|After surviving a blast that nearly took his life, former Marine Nick Riccio endured surgeries and a variety of therapies and is now a career firefighter in Charleston County, SC.|
At 18, he was in Iraq battling his way through Fallujah. When he was 19, he was lying in a bed at Bethesda Naval Hospital desperately trying to recover from a mortar blast that sent shrapnel slicing through his brain.
Francis "Nick" Riccio, a young man who embodies the saying "Once a Marine always a Marine," doesn't remember much of the blast that nearly took his life or the long months of recovery and rehab that followed.
But as he recounts his memorized story with the help of his father, Frank, one realizes what a miracle it is he is even alive.
On June 18, 2004, Riccio's company was hunkered down, resting under a group of palm trees when mortar rounds started flying in. "A round hit the tree right above us and rained down shrapnel," recalled the infantryman. "A piece of shrapnel metal entered the back left side of my head, sliced through my brain, and exited my right temporal lobe."
Miraculously, he survived the hour-long ride back to Baghdad even though his heart stopped twice. The military medical team then performed an emergency craniotomy removing about one-third of his skull to allow the brain room to swell. The skull was implanted in his abdomen to keep the tissue alive.
"If there's a closed head injury like Nick's," explained Dr. Florence Hutchison, the Charleston, SC, VA Medical Center Chief of Staff, "It can be very dangerous if the brain swells too much. It actually cuts off the circulation of the blood to the brain, causing permanent brain injury or death." Fortunately, Riccio's surgery was performed in time.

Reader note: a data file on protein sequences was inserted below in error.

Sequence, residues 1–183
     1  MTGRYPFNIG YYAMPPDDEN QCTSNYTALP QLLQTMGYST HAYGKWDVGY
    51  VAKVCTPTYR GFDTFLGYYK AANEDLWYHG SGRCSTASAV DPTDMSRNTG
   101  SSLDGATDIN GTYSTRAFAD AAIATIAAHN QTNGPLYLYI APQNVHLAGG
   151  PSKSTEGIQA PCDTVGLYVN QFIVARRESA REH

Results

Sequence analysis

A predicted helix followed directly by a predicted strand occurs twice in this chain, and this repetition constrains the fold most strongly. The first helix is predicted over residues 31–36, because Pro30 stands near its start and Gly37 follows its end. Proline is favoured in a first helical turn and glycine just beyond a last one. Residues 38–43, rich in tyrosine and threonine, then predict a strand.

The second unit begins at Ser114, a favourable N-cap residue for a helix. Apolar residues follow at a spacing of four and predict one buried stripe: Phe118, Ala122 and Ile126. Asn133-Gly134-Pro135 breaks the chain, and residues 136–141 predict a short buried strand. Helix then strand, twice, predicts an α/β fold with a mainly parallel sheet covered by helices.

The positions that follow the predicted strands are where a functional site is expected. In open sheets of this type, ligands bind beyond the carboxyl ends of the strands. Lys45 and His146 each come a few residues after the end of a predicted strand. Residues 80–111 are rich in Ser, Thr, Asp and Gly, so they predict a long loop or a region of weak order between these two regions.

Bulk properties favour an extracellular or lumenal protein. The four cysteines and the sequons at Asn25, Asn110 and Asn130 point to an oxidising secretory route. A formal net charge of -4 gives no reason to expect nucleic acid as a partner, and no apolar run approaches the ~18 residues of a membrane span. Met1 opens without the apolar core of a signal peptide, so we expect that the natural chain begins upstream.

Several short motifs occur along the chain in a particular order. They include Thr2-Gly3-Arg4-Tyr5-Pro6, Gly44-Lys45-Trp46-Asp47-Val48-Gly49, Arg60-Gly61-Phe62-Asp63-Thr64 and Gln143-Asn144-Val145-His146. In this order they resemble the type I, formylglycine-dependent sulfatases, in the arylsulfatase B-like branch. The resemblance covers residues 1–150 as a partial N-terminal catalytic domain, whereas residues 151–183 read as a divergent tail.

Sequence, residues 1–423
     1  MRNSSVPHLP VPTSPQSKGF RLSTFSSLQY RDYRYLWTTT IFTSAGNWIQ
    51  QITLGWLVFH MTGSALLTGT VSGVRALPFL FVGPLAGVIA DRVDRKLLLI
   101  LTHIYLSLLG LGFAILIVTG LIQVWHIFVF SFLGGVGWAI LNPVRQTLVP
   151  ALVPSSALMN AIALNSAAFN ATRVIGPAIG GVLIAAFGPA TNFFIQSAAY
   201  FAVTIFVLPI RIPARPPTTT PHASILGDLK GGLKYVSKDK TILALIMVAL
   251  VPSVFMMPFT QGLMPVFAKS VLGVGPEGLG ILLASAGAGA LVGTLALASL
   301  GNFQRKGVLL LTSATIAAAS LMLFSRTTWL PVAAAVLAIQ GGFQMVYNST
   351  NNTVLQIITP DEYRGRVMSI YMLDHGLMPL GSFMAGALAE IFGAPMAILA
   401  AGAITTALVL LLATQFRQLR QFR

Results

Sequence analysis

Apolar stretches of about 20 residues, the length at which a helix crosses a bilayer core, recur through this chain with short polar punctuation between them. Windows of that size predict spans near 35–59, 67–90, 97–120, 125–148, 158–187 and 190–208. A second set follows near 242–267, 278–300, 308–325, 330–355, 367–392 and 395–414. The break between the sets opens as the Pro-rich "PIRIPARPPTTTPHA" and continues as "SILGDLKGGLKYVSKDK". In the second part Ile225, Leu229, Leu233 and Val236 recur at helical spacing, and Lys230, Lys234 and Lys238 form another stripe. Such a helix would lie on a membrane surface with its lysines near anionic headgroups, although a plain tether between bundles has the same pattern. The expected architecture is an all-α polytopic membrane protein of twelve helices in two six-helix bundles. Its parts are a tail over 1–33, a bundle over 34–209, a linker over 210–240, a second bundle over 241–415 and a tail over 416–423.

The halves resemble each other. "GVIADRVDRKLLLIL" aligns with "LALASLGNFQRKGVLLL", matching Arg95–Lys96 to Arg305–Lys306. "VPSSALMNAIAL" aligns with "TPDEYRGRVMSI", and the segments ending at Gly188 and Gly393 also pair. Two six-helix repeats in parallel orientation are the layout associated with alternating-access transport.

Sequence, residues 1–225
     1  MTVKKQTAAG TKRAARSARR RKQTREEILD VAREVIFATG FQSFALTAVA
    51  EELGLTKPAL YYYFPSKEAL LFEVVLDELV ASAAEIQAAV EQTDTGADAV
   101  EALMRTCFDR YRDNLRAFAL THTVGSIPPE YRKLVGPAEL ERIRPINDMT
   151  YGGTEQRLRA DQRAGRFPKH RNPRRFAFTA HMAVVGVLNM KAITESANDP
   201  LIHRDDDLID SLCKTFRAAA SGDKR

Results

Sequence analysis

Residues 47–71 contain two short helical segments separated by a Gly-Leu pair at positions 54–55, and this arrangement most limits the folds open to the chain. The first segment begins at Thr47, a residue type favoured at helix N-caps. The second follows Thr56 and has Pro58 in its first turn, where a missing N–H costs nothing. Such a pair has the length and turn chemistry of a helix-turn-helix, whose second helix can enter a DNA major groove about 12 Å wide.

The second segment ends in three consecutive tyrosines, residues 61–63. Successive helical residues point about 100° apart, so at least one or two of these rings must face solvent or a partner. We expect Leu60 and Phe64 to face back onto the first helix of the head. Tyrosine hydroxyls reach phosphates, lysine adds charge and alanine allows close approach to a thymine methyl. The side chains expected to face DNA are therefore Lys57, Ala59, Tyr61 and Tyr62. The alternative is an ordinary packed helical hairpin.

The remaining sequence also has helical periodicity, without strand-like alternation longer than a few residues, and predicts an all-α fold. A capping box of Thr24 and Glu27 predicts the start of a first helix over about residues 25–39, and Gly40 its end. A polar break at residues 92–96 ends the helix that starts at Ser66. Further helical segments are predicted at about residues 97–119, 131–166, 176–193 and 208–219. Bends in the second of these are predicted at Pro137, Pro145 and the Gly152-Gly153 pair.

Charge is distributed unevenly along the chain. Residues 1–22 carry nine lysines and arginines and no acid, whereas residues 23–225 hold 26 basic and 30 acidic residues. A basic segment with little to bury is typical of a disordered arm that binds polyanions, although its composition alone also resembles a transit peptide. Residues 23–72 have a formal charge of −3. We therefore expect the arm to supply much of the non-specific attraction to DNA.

Real Work Began in Rehab
Hutchison, who attributes Riccio's survival to medical and technological advances like craniotomies and close proximity to military medical care, says as many as 90 percent of service members who are injured in Iraq and Afghanistan survive even when they have severe injuries. That is up from 60 percent during Vietnam."
What the soldiers in Iraq are experiencing is a tremendous amount of concussion injury," said Hutchison. "We're talking things like bomb blasts and artillery shell explosions. And it's happening in this urban environment where medical resources to provide that immediate emergency care are not a huge distance away."
But surviving a blast like the one Riccio experienced is only the first step. Nick's journey took him from Baghdad to Landstuhl Regional Military Medical Center in Germany, to Bethesda Naval Hospital, and then to the Tampa VA Medical Center for more than three months of intensive rehabilitative therapy.
That was when the real work began. "I had to learn everything all over again," Riccio said. His rehabilitation included extensive physical therapy and cognitive rehabilitation therapy at the Tampa, FL, VA, which is equipped with state-of-the-art rehabilitation resources designed specifically to meet the needs of service members returning from Iraq and Afghanistan.
Therapy sessions ranged from learning to walk again to re-learning reasoning skills. Riccio even learned to drive again thanks to the VA. "The VA was great to me when I was an inpatient and here in Charleston where they did my final surgery (to reattach the skull). And now they continue to take care of me," Riccio said.
PTSD was "Rough Journey"
But Nick's rehabilitation wasn't just physical. He also dealt with several readjustment issues along the way. "The readjustment phase in the beginning ... that was very hard," he said quietly.
Riccio had to give up his lifelong career goal of being a Marine, even though the Corps kept him on active duty for more than a year after his injury. He had to learn to deal with anger outbursts, depression and other symptoms of Post-Traumatic Stress Disorder (PTSD).
"It was a rough journey," he said, "but it paid off in the long run." His VA Case Manager, Meredith Miller, says with pride, "Nick's done so phenomenally well. He had a hard time for a while but he's always willing to do what he needs to do to get better and he's more motivated for his family."
Today the 23-year-old is a husband, father of two small children, and a firefighter for Charleston County, South Carolina.
This article was originally written by Tonya C. Lobbestael for the Charleston VA Medical Center's Spring 2009 newsletter.
By Hans Petersen, VA Staff Writer